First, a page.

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Northwest Arkansas over the course of the next 100 days or so will put on an impressive music/food-focused festival, an established motorcycle rally with a new twist, a bicycle championship on a quirky track, Arkansas’ best Christmas lights display and the world’s most important squirrel-cooking shindig.

Anyone who doubts whether Northwest Arkansas has something for everyone isn’t paying attention.

The five-day Fayetteville Roots Festival, which starts Wednesday, opens up what should be a remarkably unique back half of 2018 with so much variety on the calendar.

The festival includes folk, blues, jazz, bluegrass and country acts, and a YouTube video proves it’s tough to decide if the festival is more about the food or more about the music. Its organizers describe it as “an intimate, urban music and food festival” that brings national acts and regional talent to 10 music stages. The Fayetteville Flyer earlier this month shared a nice summary of what’s on the Roots Festival schedule with performances by Mavis Staples, Josh Ritter, Gillian Welch, Turnpike Troubadours and dozens of other acts.


Yet, it would be tough for the Roots lovers to top the uniqueness of the World Champion Squirrel Cook Off put on Sept. 8 at the Benton County Quail Barn in Bentonville. Established seven years ago, founder Joe Wilson expects 35 to 40 teams from 20 states to be on hand. They’ll cook up more than 1,200 squirrels over the course of the day for the 6,000 to 7,000 people expected to show up. The cook off caught the attention of The Wall Street Journal in 2013, and CBS Sunday Morning showed up two years later.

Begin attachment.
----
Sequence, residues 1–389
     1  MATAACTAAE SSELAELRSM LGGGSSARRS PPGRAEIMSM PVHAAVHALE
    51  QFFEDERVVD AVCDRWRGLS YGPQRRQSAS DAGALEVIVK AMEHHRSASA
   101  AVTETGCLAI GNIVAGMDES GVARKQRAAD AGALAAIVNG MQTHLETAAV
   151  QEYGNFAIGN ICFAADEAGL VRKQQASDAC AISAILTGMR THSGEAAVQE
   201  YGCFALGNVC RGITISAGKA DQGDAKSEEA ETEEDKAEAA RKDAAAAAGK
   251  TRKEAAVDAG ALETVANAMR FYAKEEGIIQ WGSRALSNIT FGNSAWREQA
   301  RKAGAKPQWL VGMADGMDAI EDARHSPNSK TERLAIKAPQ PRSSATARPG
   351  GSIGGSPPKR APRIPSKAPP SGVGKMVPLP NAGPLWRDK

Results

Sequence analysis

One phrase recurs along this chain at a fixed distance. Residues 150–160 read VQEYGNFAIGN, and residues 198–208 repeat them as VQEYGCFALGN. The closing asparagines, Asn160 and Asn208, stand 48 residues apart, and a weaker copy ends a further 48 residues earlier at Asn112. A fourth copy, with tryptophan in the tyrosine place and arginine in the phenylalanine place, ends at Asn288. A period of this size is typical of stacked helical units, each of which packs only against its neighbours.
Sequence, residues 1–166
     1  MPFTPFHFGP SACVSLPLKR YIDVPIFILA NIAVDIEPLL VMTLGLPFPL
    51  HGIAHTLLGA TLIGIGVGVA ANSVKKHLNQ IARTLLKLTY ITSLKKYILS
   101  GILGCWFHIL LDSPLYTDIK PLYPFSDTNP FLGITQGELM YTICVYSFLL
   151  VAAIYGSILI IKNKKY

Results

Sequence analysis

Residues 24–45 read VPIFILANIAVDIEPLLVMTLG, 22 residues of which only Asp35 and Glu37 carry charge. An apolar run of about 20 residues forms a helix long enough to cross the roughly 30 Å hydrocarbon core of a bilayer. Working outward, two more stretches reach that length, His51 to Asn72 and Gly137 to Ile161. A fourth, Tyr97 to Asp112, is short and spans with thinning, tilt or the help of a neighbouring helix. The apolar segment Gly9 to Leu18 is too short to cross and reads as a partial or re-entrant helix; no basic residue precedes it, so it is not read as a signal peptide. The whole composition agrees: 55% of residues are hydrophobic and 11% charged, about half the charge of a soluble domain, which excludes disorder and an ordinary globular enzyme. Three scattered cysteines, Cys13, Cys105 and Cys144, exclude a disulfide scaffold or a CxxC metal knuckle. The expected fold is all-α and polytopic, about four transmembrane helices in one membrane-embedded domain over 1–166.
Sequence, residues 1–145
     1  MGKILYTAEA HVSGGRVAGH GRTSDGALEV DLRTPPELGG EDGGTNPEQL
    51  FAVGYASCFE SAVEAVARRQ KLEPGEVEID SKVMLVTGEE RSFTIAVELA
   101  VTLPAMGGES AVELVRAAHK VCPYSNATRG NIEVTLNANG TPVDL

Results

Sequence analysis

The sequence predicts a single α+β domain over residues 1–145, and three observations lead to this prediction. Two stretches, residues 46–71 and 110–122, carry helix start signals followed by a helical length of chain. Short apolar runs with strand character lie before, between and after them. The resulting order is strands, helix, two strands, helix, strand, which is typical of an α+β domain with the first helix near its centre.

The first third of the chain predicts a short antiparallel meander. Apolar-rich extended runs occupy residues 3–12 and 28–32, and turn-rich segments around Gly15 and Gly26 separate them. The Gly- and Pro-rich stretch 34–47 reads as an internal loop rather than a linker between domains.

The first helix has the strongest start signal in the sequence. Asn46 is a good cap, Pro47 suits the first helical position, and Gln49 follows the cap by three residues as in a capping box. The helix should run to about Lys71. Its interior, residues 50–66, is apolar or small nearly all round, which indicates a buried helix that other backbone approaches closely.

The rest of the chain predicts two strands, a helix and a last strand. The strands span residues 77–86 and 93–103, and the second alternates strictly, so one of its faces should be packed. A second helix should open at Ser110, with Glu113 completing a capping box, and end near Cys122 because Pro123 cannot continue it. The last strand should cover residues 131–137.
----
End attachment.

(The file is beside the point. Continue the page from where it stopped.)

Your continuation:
While the Bikes, Blues & BBQ motorcycle rally has been around for years, there’s a distinctive addition tucked inside it this year that’s noteworthy. Fayetteville at the same time as the rally will put on Ink & Art in the Ozarks, a first-time, tattoo-focused event planned at the Fayetteville Town Center.

Despite the rising popularity of tattoos, the main attraction should remain the motorcycles. Thousands of riders will roll into Northwest Arkansas for what’s evolved into one of the nation’s larger rallies. Organizers say Bikes and Blues, as it’s often called, brings more than 300,000 people to Fayetteville. A study by the University of Arkansas Center for Business and Economic Research showed the economic impact of the 2013 rally was between $69 million and $81 million.

While it won’t draw anywhere close to as many attendees as the motorcycle rally, Springdale for the first time will host the Red Bull Pump Track World Championship on Oct. 13 at the Jones Center. This video shows the expertise required to complete a ride through a bumpy pump track course.

Brightening things up at the end of the year will be Lights of the Ozarks, which is a Christmas light display. The city kicks on the lights in November and won’t shut them off until Jan. 1, 2019.

Photo at the top: The Fayetteville Roots Festival draws thousands of visitors each year to Fayetteville. The photo was provided by Experience Fayetteville and taken by Meredith Mashburn.


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